Many recent studies show that humans feel lonelier than ever. This comes in the wake of the greatest technological achievements in history, which connect us to our peers by greater degrees than any previous generation. Technology masquerades as an escape, one which leads out of the desert of loneliness and into an oasis of connection, but when the fog of connectivity lifts, it reveals a need for distraction that tries to cover insecurity. It is not only that we do not know how to be alone, but that we do not know who we are when we are alone.
In his book, “Man’s Search for Meaning,” Rollo May writes, “Kierkegaard one hundred years ago wrote that in his age ‘one does everything possible by way of diversions and the Janizary music of loud-voice enterprises to keep lonely thoughts away, just as in the forests of America they keep away wild beasts by torches, by yells, by the sound of symbols.’ But the difference in our day is that the fear of loneliness is much more extensive, and the defenses against it – diversions, social rounds, and being ‘well-liked’ – are more rigid and compulsive.” (May, 16)
We despise loneliness because our culture tells us that our social relations define our worth. We fear isolation because we secretly long for the intimacy and affection of others. We run from it because in it we do not know who we are. Have you ever noticed that almost everyone on public transport immediately shoves headphones into their ears or buries themselves in their phone? We set ourselves to avoid the seeming curse of silence. But what if loneliness was a gift? What if we needed loneliness as an avenue to silence, a road where we would walk with God and discover who we are and who he is to us?
In his exposition of Psalm 91 from “Expositions of Holy Scripture,” Alexander Maclaren comments, “But God’s best gifts cannot be separated from himself…He has to discipline us for his highest gifts, in order that we may receive them. And sometimes he has to do that, as I have no doubt he has done it with many of us, by withholding or withdrawing the satisfaction of some of our lower desires, and so emptying our hearts and turning the current of our wishes from earth to heaven. If you are going to pour precious wine into a chalice, you begin by emptying out the less valuable liquid that may be in it. So God often empties us, in order that he may fill us.”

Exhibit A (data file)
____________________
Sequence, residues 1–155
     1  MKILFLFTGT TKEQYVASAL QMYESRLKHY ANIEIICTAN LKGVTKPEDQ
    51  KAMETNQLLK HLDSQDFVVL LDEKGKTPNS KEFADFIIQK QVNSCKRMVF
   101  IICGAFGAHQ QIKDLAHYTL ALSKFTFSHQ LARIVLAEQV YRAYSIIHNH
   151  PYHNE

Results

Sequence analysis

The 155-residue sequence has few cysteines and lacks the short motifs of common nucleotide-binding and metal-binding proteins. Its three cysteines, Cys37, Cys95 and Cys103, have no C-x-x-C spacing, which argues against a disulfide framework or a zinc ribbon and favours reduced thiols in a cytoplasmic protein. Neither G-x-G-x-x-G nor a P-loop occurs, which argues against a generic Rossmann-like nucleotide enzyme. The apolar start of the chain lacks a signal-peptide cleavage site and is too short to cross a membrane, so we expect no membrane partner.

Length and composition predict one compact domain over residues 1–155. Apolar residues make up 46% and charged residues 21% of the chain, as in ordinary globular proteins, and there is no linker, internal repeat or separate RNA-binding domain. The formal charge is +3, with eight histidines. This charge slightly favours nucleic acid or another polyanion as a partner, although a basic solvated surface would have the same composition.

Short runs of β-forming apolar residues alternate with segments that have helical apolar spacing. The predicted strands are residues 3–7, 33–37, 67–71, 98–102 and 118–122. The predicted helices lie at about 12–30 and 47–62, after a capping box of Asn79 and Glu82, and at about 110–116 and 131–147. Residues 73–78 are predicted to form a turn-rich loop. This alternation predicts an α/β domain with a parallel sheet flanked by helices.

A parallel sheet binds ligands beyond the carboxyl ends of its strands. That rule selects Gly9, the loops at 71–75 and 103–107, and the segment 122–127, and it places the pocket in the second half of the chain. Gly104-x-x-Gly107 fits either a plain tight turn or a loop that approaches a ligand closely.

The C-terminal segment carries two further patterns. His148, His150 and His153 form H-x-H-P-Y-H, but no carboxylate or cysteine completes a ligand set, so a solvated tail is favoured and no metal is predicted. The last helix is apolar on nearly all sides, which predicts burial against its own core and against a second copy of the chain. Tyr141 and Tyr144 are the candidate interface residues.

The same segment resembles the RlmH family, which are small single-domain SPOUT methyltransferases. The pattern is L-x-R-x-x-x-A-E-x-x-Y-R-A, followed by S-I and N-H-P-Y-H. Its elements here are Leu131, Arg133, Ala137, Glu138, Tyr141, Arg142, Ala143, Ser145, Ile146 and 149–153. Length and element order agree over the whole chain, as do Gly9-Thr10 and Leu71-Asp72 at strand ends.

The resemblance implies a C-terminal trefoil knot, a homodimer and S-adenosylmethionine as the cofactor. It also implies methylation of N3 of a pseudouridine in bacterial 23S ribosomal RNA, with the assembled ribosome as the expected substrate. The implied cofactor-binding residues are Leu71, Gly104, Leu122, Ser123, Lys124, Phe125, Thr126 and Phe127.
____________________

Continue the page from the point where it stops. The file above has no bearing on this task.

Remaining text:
If we lose friends, it may be that the LORD would empty us relationally in order to fill us and satisfy us with the intimacy of his friendship. He may hide us from the thoughts and affections of others that he would reveal himself in greater measure. The removal of a lower desire and pleasure often merits an inheritance of something greater.
May continues on – “Social acceptance, ‘being liked,’ has so much power because it holds the feelings of loneliness at bay. A person is surrounded with comfortable warmth; he is merged in the group…He temporarily loses his loneliness; but…he renounces the one thing which would get him constructively over the loneliness in the long run, namely, the developing of his own inner resources, strength and sense of direction, and using this as a basis for meaningful relations with others.” (May, 18)
Now, we know that “developing…inner resources, strength, and sense of direction” (May, 18), come from communion with God through his Word, worship, and prayer. We love to say, “you’re never alone,” but what do YOU do when YOU feel isolated? If we continue to renounce God in loneliness in favor of distraction or social warmth, we “renounce the one thing which would get [us] over the loneliness in the long run” (May 18). In other words, we forfeit the intimacy and nearness of God and a clarity of the Gospel. If you don’t know how to be alone with him, if you can’t listen in silence, if you fail to press on in difficulties, how will you function to your full capacity as a member of the body of the church amongst others?
I don’t want to go after good things and miss the one thing. I want the one thing, and the one thing is God himself.